Travelling on public transport can be a pain, but it’s something you’ve just got to do from time to time or – if you are still working – five days a week to get to and from work.
It is usually time-consuming too, stealing valuable time from our lives we’d prefer to spend with our families.
In fact, not having to do the daily commute is one of the things people look forward to the most when it comes to the time to pull the plug on full-time work.
Each form of public transport comes with its own sort of protocol, too. You don’t sit down close to someone if there is option, for example. You don’t make noise in “quiet” carriages.
But there’s also another one: stand up for seniors, pregnant women and those less able than yourself.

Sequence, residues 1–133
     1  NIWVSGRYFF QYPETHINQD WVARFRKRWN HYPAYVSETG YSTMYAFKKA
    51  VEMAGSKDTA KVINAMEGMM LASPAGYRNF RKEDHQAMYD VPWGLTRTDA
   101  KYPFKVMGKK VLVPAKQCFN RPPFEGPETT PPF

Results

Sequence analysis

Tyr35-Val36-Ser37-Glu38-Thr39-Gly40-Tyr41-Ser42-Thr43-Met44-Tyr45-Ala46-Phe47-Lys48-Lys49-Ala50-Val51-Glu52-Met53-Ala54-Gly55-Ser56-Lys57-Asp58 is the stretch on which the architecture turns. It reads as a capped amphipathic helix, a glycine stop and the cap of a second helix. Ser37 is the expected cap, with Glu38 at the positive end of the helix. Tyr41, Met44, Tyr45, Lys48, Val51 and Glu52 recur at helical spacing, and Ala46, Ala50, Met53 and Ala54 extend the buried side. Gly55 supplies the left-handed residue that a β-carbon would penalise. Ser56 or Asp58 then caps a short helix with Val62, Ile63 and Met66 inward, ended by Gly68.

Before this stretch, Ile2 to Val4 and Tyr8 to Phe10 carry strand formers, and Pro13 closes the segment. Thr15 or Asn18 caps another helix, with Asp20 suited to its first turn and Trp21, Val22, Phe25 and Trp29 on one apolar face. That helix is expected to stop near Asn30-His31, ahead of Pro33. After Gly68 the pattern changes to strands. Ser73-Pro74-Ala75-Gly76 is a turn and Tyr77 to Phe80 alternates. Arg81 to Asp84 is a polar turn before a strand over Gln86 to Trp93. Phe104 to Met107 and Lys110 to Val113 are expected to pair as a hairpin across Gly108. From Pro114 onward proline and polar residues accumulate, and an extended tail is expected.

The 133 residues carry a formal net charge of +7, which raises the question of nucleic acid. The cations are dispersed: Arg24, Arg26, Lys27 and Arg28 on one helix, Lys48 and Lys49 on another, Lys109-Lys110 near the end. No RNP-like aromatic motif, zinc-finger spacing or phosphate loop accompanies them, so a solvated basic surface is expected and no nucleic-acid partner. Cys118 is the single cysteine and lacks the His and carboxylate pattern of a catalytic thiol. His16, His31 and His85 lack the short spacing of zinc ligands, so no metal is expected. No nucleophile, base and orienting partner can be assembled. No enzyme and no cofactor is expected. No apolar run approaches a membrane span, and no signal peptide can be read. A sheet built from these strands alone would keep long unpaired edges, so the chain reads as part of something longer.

And the other day, someone did it for me, not once but three times. The people who offered were all totally different: a man of about 50, a father with young children and a woman about 30.
It was the first time I had commuted on public transport for many years and I was nonplused when it first happened.
“Who, me?” I thought, looking around. “Why is he/she offering me a seat?”
Then it suddenly dawned on me. At almost 60, I qualified for “senior” status.
I felt happy but sad at the same time. The politeness of the other travellers reinforced my faith in human nature and showed that common courtesy was alive and well. But the fact that “young me” was old enough to justify it made me sad.
I cheered myself up by telling myself that it was probably because I was a woman they did it. I ignored the little voice inside my head that pointed out one of the people who had offered me a seat was a woman too.
And, when all is said and done, there’s one huge plus to the senior status: you can enjoy sitting down!
Let’s talk: What is your experience as a baby boomer on public transport? Do people offer you a seat? If so do you think it’s because of your age – or your sex?